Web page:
10. The Spanish do everything with passion. Whether it’s couples kissing on the metro, in the squares or just in random places or the whirling limbs and lightning feet of flamenco dancing with serious attitude and world class staredowns, the Spanish seem to do everything with passion. Sleep late, party late, it was pretty much impossible to find breakfast at 7am. From the bleary-eyed looks of the people I saw in the squares and on the metro at that early hour, I think it’s safe to say that most of them were just getting home rather than getting up.

Happily, my luggage arrived the next evening. You can bet I now make room for all my electrical cords and chargers and a change of underwear in my carry-on…

Travel tips: (1) Both Barcelona and Madrid airports are well connected to the city by metro. When I started this trip, I was queasy about schlepping luggage through the metro, but there’s really not all that much to fear. As long as you’re comfortable handling your luggage up and down stairs and sometimes being mashed during rush hour traffic, it’s a fast, inexpensive choice. Both cities offer discounted 10-trip metro cards. For Madrid, there is an unlimited 2-day tourist metro card that is roughly the same price. However, note that trips to / from the airport will require a €1 supplement. In Barcelona, I actually opted for a pre-arranged shuttle to my hotel. My threshold for  door-to-door transport was €10 for the luxury of being met by a driver and being dropped off right at the hotel. Shared shuttles aren’t available at every airport, so you’ll need to do your research. In this case, I was the only passenger in the minivan so got a private transfer for one third the cost of a taxi. (2) It’s worth checking on-line to see what events are on during your visit. You may be surprised to learn of the many free things available. For instance, I lined up with the other (cheap… er, budget conscious) artlovers at the Prado Museum. Usual entry is €10 but the museum is free from 6-8pm. The line moved quickly and within 10 minutes, we were in. Invest €3.50 of the money you saved on an audioguide, an excellent resource for giving the history and interesting backstories of the many Biblical and mythological-themed works. Another valuable freebie are Sandeman’s city tours. Done by excellent  passionate freelance guides, there are free walking city tours (guides work on tips only) as well as reasonably priced paid tours in 14 cities across Europe. (FYI, the guide must pay the tour company €2.50 per passenger, so remember to factor that into your tip). The 3 hour walking tour I did was an excellent orientation to the city. (3) There are several venues around Madrid for flamenco dancing, usually at restaurants (and very occasionally at theaters). Obviously, no matter where you go, the crowds will mainly be tourists and students. However, it’s a worthwhile way to spend an evening enjoying soulful Spanish guitars and passionate, feet stomping flamenco. Shows usually cost €30 including a drink, but when in Madrid, remember to pick up a €10 voucher at the end of your Sandeman’s Free Tours. I caught an excellent show at Las Carboneras, conveniently located just around the corner from the Mercado de San Miguel so you can get your fill of tapas before you go…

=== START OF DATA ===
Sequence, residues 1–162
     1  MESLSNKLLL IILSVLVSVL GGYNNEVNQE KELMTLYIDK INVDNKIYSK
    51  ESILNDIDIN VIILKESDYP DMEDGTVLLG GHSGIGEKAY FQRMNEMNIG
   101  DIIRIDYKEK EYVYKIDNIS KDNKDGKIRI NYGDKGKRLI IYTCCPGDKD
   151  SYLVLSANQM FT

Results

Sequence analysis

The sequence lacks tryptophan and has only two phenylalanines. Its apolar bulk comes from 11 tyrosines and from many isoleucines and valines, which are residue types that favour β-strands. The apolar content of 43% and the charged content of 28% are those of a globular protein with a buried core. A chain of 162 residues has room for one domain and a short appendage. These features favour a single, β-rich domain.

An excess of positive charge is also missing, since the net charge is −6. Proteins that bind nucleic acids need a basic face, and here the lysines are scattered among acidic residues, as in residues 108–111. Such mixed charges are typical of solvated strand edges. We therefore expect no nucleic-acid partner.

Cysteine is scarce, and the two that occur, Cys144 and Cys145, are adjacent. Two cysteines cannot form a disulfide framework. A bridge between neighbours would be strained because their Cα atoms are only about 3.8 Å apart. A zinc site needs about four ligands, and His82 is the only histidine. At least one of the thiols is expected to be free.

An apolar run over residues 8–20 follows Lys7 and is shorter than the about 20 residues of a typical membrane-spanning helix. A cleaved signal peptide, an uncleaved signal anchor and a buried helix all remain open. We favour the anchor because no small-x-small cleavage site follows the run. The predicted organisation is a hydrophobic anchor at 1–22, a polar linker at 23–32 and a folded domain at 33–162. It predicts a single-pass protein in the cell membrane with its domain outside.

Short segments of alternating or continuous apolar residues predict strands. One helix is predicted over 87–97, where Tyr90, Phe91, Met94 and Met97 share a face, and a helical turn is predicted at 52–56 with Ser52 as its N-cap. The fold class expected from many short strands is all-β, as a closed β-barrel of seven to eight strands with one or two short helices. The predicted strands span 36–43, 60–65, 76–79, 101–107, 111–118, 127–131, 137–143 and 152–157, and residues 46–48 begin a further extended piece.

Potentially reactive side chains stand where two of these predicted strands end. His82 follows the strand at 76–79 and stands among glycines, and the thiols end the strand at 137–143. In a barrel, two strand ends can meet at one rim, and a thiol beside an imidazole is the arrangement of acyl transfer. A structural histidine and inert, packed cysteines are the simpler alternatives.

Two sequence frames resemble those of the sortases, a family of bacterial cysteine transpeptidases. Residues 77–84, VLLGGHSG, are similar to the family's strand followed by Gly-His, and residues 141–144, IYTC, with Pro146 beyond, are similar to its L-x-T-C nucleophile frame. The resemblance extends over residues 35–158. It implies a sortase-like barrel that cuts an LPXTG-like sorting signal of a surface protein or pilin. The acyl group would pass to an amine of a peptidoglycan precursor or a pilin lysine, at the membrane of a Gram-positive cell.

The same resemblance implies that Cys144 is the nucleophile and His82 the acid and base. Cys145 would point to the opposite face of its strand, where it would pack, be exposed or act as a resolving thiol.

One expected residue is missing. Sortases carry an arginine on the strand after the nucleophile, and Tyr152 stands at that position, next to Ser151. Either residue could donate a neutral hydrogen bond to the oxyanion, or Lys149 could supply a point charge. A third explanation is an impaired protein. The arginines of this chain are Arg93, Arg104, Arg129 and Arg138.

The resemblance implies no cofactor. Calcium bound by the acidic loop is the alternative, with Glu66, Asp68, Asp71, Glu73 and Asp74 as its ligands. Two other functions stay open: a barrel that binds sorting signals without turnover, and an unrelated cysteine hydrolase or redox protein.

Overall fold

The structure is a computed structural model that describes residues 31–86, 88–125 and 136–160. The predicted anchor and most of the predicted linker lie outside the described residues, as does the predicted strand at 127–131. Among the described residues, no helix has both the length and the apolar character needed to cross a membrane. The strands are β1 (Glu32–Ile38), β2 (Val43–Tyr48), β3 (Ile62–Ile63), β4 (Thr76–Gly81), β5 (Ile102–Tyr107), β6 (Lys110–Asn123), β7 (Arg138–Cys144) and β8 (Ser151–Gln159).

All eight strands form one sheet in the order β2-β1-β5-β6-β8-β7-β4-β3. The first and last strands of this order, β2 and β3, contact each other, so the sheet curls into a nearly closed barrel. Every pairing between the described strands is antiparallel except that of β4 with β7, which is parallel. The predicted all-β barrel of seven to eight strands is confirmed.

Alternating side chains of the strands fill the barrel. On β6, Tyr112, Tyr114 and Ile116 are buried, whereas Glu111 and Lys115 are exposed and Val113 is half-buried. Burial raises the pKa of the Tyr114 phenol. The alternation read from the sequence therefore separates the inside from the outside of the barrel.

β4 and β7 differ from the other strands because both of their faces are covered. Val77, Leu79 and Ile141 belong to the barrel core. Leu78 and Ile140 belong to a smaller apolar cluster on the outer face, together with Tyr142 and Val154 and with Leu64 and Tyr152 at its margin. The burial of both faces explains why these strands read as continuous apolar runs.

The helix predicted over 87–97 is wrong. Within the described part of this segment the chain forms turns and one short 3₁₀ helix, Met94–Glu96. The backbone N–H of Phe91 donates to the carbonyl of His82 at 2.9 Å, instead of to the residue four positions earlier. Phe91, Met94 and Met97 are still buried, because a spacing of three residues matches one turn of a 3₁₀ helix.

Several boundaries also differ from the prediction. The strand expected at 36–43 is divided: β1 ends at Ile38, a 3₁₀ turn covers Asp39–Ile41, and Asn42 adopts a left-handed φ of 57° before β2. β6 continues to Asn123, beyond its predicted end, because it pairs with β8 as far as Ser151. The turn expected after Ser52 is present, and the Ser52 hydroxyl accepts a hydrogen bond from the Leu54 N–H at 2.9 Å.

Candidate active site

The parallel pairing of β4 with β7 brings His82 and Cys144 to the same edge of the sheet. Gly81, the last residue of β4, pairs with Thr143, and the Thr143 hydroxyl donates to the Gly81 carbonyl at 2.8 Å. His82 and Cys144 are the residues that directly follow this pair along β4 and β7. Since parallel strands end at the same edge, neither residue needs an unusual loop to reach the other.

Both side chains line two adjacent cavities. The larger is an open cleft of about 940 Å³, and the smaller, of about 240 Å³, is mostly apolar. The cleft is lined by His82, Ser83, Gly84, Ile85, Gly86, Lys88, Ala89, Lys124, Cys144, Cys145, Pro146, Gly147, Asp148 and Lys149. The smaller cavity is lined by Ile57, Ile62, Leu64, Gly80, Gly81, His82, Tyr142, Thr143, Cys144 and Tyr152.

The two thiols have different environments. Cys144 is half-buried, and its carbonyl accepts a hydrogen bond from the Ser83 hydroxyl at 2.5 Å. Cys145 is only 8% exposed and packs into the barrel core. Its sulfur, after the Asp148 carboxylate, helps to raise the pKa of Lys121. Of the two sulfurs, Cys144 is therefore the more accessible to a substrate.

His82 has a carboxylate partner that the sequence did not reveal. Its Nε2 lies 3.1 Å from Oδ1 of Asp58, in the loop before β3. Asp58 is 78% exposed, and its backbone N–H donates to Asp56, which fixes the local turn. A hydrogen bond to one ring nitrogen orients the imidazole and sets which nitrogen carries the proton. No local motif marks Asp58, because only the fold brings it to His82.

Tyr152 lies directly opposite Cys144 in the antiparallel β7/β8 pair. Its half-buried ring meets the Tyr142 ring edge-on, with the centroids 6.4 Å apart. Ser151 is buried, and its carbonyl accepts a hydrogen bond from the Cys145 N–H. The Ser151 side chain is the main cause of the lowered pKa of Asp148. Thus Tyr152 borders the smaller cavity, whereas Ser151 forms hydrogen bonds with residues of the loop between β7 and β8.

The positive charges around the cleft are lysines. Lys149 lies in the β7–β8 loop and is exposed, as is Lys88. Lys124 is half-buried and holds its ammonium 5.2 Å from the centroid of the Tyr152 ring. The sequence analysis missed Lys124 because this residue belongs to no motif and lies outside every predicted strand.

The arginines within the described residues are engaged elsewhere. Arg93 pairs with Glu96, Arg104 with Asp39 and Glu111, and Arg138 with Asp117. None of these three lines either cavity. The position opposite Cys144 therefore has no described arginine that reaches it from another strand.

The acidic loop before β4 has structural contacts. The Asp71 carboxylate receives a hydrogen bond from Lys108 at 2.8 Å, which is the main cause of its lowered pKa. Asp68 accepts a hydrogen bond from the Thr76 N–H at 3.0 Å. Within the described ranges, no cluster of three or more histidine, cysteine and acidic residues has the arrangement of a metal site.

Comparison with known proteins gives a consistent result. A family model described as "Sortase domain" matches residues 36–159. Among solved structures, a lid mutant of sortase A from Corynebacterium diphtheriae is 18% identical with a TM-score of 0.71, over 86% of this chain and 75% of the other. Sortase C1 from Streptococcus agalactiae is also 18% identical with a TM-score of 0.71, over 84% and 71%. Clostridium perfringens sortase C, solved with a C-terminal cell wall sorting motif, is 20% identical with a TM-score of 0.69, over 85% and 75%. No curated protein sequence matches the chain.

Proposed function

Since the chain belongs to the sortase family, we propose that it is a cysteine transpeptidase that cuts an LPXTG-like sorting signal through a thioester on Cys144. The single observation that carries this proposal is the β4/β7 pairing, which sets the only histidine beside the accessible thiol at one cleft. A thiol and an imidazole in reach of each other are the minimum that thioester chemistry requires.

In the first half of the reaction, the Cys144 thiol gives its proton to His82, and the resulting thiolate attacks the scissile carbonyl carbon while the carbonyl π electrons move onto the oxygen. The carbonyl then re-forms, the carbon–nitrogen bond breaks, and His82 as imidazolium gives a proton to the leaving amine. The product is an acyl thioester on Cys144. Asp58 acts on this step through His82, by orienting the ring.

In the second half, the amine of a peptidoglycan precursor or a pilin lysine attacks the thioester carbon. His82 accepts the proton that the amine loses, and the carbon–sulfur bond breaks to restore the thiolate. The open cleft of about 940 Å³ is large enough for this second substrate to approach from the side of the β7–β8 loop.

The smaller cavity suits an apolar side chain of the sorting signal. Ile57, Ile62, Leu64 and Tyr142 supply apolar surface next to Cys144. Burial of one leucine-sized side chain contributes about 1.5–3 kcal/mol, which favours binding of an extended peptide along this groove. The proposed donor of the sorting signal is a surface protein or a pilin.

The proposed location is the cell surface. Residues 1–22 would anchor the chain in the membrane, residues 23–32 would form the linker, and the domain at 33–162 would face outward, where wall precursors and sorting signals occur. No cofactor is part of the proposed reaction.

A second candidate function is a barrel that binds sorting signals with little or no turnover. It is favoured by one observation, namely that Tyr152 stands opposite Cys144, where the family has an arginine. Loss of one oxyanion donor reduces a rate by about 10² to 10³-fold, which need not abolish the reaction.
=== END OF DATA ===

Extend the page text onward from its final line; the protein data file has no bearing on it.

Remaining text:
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9 thoughts on “Spanish People Are Good-Looking! (And other random generalizations)

    1. jt10s Post author


      You are too kind! Travel writing would be my DREAM job. Of course, I think it’d be tremendously hard to break into. You don’t know anyone at Conde Naste, do you? haha. Now that I’m unemployed, though, maybe I’ll be a bit more adventurous…

    2. Freddie Rey

      Cant agree. He says Spanish people are good looking and yet you put a photo of a coffee? How stupid and what a disappointment!

  1. xav

    “he only place I’d consider taking a metro might possibly be the Prado Museum, slightly outside downtown by perhaps 10 minutes.”

    Prado Museum is right in the city center or downtown… so I guess from this comment that you only stayed in Gran Via and little bit more…